Direct = uses pts RBCs to detect antibodies. (antibody on antibody)

Indirect = detects antibodies in pts serum

39

When is the indirect Coombs test used?

For fetal testing of hemolytic anemia

40

Elevated neutrophils = what kind of infection?

Bacterial

41

Elevated lymphocytes = what type of infection?

Viral

42

Elevated eosinophils = what type of infection?

Parasitic or allergic

43

What are lymphomas?

Neoplasms that arise as discrete masses (like spleen, lymph nodes)

44

What are leukemias?

Lymphoid nepplasms with involvement of blood and bone marrow

45

What is the only way to differentiate leukemias that are coming from B cell vs T cells?

Immunophenotyping (identifying cell types by protein expression)

46

What is FISH used to detect?

Chromosomal aberrations

47

What are the protein markers for B cells?

CD19
CD20
CD21
CD22

48

What are the protein markers for T cells?

CD3
CD2
CD4
CD8

49

What are the two ways to perform immuphenotyping?

Immunohistochemisty
Flow cytometry

50

What are the three factors that you need to consider when assessing a pt for leukemias/lymphomas?

Age
Location
Sites/involvment

51

Are the masses associated with lymphomas painful or painless?

Painless

52

What are the characterisitcs that are evaluated with H&E uner high power?

Size
Nucleus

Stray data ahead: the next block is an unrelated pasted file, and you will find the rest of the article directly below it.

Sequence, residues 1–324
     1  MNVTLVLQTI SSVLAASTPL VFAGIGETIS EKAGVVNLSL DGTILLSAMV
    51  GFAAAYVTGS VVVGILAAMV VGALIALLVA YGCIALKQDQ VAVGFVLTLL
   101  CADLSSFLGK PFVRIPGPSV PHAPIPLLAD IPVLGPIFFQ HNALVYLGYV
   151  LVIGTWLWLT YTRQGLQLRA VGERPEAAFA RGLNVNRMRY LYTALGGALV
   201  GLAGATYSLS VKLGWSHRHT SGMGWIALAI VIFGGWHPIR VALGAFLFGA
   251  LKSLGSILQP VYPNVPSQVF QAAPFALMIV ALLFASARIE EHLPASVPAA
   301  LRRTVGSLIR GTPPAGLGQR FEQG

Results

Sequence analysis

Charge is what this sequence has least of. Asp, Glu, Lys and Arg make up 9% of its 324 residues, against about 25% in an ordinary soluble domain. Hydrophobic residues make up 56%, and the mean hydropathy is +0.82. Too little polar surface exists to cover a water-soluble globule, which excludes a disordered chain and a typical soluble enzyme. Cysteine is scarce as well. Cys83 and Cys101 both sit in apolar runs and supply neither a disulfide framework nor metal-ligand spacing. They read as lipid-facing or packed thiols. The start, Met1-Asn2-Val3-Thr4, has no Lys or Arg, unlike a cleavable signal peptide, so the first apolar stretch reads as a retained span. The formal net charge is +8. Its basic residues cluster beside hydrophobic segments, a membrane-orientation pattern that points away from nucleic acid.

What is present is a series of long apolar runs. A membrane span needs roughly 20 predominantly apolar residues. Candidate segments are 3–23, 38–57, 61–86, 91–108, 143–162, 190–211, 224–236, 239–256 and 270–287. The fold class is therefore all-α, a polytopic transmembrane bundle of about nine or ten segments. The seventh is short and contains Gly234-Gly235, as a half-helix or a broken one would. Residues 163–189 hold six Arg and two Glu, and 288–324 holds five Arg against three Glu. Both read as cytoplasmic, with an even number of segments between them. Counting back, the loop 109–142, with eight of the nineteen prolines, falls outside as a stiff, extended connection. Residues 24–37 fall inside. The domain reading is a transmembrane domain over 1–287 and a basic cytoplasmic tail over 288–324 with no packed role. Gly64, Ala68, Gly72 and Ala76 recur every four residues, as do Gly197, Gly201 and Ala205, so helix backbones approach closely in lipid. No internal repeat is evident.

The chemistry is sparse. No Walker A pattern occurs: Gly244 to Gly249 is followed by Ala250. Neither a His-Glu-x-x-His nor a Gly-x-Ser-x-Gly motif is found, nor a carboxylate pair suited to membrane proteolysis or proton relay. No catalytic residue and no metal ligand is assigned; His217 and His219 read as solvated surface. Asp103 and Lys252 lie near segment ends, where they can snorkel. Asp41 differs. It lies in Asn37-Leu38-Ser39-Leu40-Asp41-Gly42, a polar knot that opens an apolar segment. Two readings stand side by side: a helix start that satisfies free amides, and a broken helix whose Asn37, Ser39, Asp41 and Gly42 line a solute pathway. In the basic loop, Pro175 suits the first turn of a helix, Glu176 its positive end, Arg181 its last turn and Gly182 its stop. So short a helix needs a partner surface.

Chromatin
Cytoplasm

53

Immature lymphoid neoplasms come for what cells?

Lymphoblasts

54

Mature lymphoid neoplasms come from where?

Mature lymphocyte

55

What are the findings of IHC if there is a B cell lymphoma?

Only one type of ig light chain produced

56

What are the PCR findings of b cell lymphomas?

Ig heavy chain gene rearrangement

57

Loss of specific CD antigen = what cell type lymphoma?

T cell

58

What are the PCR findings for T cell lymphoma?

T cell receptor gene rearrangement

59

What are the five characteristics looked at when determining a neoplasm?

Clincial features
Morphology
Immunophenotype
Cytogenetics
Molecular analysis

60

What are the five main categories of lymphomas?

Precursor B
Peripheral B
Precursor A
Peripheral A
Hodgkin lymphoma

61

What is the most common cause of tumors in pts under 5 years old?

Acute leukemia

62

What is the most common cause of tumors in pts 5-9 years old?

Acute leukemia/brain

63

What is the most common cause of tumors in children 10 -19?

Lymphomas

64

What is the first stage of lymphoma?

Single lymph node region or extralymphatic site

65

What is the second stage of lymphoma?

Two or more LN regions or extralymphatic site on the same side of the diaphragm

66

What is the third stage of lymphoma?

LN regions or extralymphatic site on both sides of the diaphragm

67

What is the fourth stage of lymphomas?

Disseminated or diffuse inolvement of one or more extralymphatic sites

68

What does the A stand for in lymphoma staging? B?

Asymptomatic
B= symptomatic

69

What is the packed cell volume?

Same as hematocrit

70

What is the mean corpuscular Hb?

he average mass of hemoglobin per red blood cell in a sample of blood

71

What is the mean corpuscular hemoglobin concentration?

measure of the concentration of hemoglobin in a given volume of packed red blood cells

72

What is the red cell distribution width?

a measure of the range of variation of red blood cell (RBC) volume that is reported as part of a standard complete blood count. Usually red blood cells are a standard size of about 6-8 μm in diameter.